Figure 12: Growth of pollution in Hong Kong from 1971-1997
Education and awareness campaigns on consumerism and environmental hazards could be promoted to help people in building more sustainable environments by reducing waste disposal on avoidable food consumption. Avoiding dissipate of food by banquets, institutes (school canteens or hostel) and domestic use could be promoted by incentives, such as requesing “Less Rice Please” in participating restaurants can enjoy $1 incentive which promoted by Greeners Action . Likewise, choice for different portion size, such as BIJAS vegetarian in theCentennial Campus of The University of Hong Kong , which provides buffet style services and charges by weight, in order, reduces the generation of foodwaste. Moreover, the unconsumed foodwaste by markets, supermarkets and restaurants could be reused in serving dishes in feeding the deprived populations through Food Bank and Food Canteens of Non-Government Organization, such as People’s Food Bank of St. James’ Settlement .
2) Promotion foodwaste recycling
As foodwaste may not be totally avoidable in both production and consumption, foodwaste recycling could be promoted to reduce the putrescible in landfills. Negative impacts of “foodwaste” can be turned into positive benefits which is useful to the environment. Nitrogen, potassium and phosphorus fertilizers are essential to agricultural production and the prices of these materials have double increased within the past decade. Foodwaste contains phosphorus that is a valuable resources and essential plant nutrient . Other valuable resources, including energy, can be recovered from foodwaste via aerobically or anaerobically composting or incinerated energy generation .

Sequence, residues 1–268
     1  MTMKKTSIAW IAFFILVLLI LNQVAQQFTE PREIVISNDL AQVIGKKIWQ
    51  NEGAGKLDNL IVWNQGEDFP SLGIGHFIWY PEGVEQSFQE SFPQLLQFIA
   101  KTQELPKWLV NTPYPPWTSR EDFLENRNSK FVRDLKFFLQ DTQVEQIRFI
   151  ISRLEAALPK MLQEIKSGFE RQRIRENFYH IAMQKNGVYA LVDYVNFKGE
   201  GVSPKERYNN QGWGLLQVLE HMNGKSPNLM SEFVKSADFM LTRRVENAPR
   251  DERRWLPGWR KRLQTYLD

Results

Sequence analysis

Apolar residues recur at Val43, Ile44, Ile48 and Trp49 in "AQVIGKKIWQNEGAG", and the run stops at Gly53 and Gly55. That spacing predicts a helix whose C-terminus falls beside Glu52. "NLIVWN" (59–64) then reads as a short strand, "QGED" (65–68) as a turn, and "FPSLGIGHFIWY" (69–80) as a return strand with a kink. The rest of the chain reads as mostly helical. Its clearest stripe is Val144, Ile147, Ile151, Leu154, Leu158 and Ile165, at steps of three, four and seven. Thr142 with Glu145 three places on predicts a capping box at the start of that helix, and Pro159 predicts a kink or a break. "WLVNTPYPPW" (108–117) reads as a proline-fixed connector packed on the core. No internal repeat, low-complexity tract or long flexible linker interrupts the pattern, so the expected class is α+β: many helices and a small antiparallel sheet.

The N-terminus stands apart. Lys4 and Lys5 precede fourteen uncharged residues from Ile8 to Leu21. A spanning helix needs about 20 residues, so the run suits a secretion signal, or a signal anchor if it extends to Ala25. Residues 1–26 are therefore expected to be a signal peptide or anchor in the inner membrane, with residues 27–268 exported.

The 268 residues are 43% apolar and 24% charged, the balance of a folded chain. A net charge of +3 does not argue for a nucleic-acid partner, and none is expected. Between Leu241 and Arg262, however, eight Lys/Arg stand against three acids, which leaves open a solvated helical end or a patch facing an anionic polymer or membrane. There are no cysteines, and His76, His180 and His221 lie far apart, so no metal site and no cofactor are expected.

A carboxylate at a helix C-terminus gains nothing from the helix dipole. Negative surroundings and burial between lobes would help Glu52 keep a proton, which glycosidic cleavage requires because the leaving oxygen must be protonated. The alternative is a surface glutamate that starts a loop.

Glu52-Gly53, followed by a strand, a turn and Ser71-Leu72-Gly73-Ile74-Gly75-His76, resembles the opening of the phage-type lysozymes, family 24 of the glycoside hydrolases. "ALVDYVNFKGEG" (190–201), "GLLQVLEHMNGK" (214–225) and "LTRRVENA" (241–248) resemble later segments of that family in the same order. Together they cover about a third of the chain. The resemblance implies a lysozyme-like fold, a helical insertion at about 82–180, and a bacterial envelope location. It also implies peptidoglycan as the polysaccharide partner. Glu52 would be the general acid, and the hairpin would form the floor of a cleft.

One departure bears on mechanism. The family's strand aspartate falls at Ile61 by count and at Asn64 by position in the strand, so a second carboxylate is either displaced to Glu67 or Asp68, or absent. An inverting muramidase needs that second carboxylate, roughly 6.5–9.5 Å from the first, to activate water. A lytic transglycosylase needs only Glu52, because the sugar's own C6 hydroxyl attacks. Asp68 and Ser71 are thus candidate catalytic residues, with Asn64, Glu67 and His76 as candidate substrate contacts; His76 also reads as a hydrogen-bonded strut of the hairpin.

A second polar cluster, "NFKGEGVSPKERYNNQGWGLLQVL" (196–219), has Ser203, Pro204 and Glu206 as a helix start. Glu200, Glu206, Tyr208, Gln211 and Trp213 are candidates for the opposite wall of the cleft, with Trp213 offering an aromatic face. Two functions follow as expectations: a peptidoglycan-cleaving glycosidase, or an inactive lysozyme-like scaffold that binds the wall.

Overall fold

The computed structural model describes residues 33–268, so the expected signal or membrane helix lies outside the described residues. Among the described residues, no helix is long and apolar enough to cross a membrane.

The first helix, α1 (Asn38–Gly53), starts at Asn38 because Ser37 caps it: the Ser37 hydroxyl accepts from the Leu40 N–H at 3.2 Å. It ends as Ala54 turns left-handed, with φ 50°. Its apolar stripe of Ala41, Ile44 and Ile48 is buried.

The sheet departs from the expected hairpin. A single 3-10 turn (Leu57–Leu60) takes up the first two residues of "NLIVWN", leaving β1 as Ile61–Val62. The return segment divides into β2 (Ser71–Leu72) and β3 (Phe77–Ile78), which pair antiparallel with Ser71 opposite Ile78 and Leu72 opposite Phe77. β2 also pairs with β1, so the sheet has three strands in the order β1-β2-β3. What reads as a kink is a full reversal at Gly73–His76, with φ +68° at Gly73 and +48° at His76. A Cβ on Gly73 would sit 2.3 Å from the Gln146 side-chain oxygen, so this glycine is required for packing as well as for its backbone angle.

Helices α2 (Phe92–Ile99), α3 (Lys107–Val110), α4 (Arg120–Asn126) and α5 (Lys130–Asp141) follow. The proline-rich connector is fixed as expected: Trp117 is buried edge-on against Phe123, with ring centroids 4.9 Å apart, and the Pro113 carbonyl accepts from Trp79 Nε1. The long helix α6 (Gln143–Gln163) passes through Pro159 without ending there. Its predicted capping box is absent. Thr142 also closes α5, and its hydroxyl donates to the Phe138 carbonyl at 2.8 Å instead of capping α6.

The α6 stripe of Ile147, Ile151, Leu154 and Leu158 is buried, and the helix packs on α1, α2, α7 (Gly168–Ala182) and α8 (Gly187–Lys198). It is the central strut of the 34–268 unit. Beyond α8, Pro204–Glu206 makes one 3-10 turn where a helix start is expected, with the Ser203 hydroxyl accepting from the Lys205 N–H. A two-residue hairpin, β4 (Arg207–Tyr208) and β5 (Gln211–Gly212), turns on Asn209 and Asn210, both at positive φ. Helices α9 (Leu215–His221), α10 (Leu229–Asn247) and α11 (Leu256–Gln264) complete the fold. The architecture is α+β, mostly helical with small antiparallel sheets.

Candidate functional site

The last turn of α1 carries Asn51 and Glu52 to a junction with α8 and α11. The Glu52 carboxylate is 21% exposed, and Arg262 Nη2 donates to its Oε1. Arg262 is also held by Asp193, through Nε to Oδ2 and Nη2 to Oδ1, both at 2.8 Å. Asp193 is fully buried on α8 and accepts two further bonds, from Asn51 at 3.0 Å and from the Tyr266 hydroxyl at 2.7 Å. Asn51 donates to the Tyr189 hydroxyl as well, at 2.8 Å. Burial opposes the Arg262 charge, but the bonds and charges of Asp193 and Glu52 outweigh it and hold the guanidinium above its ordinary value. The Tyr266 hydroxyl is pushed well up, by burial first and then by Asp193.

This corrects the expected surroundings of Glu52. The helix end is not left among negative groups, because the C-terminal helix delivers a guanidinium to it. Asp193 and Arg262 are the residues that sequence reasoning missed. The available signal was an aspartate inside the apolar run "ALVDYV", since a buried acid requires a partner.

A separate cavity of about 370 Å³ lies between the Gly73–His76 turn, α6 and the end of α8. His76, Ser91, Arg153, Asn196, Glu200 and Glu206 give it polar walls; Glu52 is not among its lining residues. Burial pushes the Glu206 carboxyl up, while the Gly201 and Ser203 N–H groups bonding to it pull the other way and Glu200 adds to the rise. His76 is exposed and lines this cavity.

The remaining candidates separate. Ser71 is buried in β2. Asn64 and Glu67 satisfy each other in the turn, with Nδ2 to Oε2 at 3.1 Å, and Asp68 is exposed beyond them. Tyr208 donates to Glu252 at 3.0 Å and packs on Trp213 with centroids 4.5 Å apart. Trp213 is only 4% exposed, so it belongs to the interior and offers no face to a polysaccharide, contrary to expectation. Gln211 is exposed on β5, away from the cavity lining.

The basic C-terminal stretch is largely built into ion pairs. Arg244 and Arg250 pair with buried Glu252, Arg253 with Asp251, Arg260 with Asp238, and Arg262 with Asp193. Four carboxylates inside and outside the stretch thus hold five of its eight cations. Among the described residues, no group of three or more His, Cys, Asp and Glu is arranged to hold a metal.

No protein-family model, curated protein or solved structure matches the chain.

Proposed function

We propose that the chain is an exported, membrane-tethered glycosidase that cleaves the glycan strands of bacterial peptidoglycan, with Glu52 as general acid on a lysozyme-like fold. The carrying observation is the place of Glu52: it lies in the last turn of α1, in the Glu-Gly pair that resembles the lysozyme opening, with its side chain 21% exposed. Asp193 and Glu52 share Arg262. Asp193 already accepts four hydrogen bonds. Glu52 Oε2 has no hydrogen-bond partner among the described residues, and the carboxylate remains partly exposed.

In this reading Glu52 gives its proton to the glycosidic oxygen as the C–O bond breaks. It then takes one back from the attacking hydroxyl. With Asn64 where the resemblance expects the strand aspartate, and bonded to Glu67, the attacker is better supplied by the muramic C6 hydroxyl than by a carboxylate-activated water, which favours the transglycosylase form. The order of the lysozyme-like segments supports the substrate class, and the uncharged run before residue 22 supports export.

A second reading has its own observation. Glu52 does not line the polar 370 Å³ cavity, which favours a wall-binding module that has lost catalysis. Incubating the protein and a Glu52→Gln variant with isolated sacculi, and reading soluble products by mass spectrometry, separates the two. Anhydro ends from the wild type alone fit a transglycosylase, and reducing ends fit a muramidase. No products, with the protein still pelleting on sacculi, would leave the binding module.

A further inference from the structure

1) Reuse, recycling and reducing the wastes (see figure 14) 
The implementations of waste recycling policies in Hong Kong still have much room for improvements. Here are some recommendations which could be implemented by governments:
Ø Implementation of high landfills charging scheme
Ø Setting up a centralized center for recycling solid waste
Ø Provide easily accessible drop-off recyclable material points near residential area
Ø Promoting innovative demolition methods
Ø Reusing the reusable waste as donations to NGOs
2) Implementation of health assessments and nuisance caused by landfills sites
The information from the landfills study done by Environmental Protection Department of Hong Kong in 2001 was outdated for reference. Besides, the study mainly focuses on ecological impact which health impact on long term exposure has been ignored. A collaboration between the academy, Environmental Protection Department and Health Authorities is recommended in conducting large scale survey in providing local evidence on the relationship between landfills, short-term health effects including nuisance and psychological discomfort. Currently, electronic nose was installed by EPD at residential area near-by the landfills to assess the level of air pollution. However, the perception and influence of odor are quite subjective and could not be evaluated through the machine.
3) Hazards of Long term Exposure and psychological discomfort
Current evidence could not provide convincing information to support health hazards caused by long term exposure at low risk. For example, cancer may develop after quite a long term exposure with its latency period. With the high density of population and limited living area in Hong Kong, much of the population is exposed to the hazards of landfill sites. e.g. Lohas Park near-by Tsueng Kwan O Landfill site. Long term longitudinal studies are essential to follow up health conditions of residents living next to landfills.
In conclusion, the problems of foodwaste and hazards of landfills have to be resolved by a multi-prolonged approach through collaborations of government departments, NGOs, concern groups and the academy through continuous surveillance on health hazards, research, polices and education with government dedication. The public should not overuse and misuse the natural resources especially in food to prevent the hazards to their health.